By Shawn Perich
Northern Minnesota appears to have more Canada lynx than it usually does this year. Lynx sightings have been reported throughout the winter in Lake, Cook and St. Louis counties. One lynx has been seen numerous times around Ely, including at the Dorothy Molter Museum and outside the U.S. Forest Service office. Federal wildlife biologists who monitor the lynx population in the Superior National Forest are finding more animals, too.
“We’re seeing a lot of lynx this year,” says Dan Ryan, USFS wildlife biologist for the Laurentian Ranger District.
Every winter, biologists follow lynx tracks in the snow until they find hair or scat, which is collected and sent to the U.S. Fish and Wildlife Service’s Rocky Mountain Research Center in Montana for DNA analysis. This provides them with an individual identification of the animal and its sex, which is added to a database for the forest. Canada lynx in Minnesota are listed as Threatened on the federal Endangered Species list.
Ryan says the database contains about 180 lynx and 12 unique lynx-bobcat hybrids. First discovered in Minnesota through DNA analysis, hybrids have since been discovered in Maine. The Minnesota hybrids have all been the offspring of a male bobcat and female lynx. Ryan says this may indicate that bobcats, which have become more abundant in northeastern Minnesota in recent years, are more aggressive than lynx.
During the 1990s, the Minnesota DNR claimed that lynx did not consistently reproduce in Minnesota and that lynx seen in the state were mostly migrants from Canada. However, biologists tracking lynx have since documented reproduction every year since 2001. They’ve found 13 kittens this winter, the most ever recorded. Ryan says they may have collected samples from as many as 50 individual lynx.
Why are there more lynx this year? The most likely reason is an uptick in the numbers of snowshoe hares, their primary food source. Ryan says this year lynx have shown up in locations where they haven’t been documented before. Invariably, they show up in places where the hares are.
While a past study followed radio-collared lynx, present monitoring is done exclusively by looking for tracks in the snow, either in areas where lynx are known to exist or in places where sightings are reported. Ryan said a core area for lynx, where they are consistently found, is in the vicinity of Isabella in Lake County. Their home ranges may vary in size. If there is good hare habitat, lynx will stay in a relatively small area. If hares are scarce, they go looking for them.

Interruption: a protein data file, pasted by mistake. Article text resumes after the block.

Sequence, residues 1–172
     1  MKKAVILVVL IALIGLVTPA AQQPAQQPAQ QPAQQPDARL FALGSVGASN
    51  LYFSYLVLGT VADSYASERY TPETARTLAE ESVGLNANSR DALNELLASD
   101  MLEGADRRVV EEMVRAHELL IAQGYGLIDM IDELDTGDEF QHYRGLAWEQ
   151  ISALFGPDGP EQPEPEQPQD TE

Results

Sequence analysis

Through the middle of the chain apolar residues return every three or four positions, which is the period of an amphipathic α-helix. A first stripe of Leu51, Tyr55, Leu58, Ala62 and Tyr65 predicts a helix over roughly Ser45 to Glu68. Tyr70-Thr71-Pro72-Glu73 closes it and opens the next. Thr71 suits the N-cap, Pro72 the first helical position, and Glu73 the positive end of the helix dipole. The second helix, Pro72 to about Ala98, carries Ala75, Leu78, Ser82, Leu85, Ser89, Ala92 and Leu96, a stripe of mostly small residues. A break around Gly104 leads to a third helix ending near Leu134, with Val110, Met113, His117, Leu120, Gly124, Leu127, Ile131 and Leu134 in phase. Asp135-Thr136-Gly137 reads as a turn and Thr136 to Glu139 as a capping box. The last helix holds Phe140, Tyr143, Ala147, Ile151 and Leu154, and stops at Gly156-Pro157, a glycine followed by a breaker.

The DNA analysis often shows lynx from which DNA was collected previously, either as adults or kittens. Biologists have been able to identify and follow family groups over the years. Sometimes, kittens remain with their mother for more than a year.
Ryan believes Minnesota has a viable lynx population, even though there isn’t enough data to estimate the size of the population or its extent in the northern portion of the state. When tracking cats, biologists are limited to somewhat accessible areas—a challenge when the north is blanketed with deep snow. Most of the tracking occurs in Lake County, with less in Cook and St. Louis counties—both of which have suitable lynx habitat. Also, researchers haven’t looked for lynx in the Boundary Waters Canoe Area Wilderness, even though the cats certainly exist there.
The USFS monitors lynx because the agency is required to take threatened or endangered species into account when it is planning activities on the national forest, such as timber harvests or even the construction of recreational trails. Biologists will survey the project area to determine if those species will be affected by the planned activity. Ryan said managing for lynx hasn’t had much effect on timber harvesting activities. In some instances, the growth of young conifers after a harvest provides snowshoe hare habitat, thus attracting lynx.
Some lynx are lost every year due to encounters with people The USFWS keeps track of the “incidental take” of lynx in the state. USFWS biologist Tamara Smith says the agency has 113 records of incidental take since record keeping began in 2001. Last fall and winter, two road-killed lynx were reported, five were reported by trappers—with four released alive and one died, another lynx was shot an one died of an undetermined cause.
Ryan, who has logged about 30 miles on snowshoes tracking lynx, has been lucky enough to see seven of them this winter, including some kittens. Like some other far northern creatures, such as the spruce grouse, lynx are not very wary around people. It isn’t unusual for lynx to linger beside a road or in someone’s backyard even when humans are nearby. Their behavior is very different than that of bobcats, which are shy and elusive.
Biologists monitoring lynx have been seeing more bobcat sign than they did previously and are collecting DNA from them as well. Ryan says northern Minnesota’s bobcats seem to be moving east, into the lynx range. While the two cats are somewhat similar in appearance, lynx have some distinguishing features, including prominently tufted ears, a black-tipped tail and enormous paws that allow them to walk across the top of deep, powdery snow. Last winter, those big feet may have helped lynx outcompete the bobcats invading their turf.
At present, Minnesota’s lynx appear to be holding their own. They have been protected from hunting and trapping in the state for decades. However, Ontario allows lynx trapping across the border. Trappers near Thunder Bay who I chatted with a sport show last February considered lynx common, though not abundant in their trapping areas. Past research found radio-collared lynx moved between Minnesota and Ontario.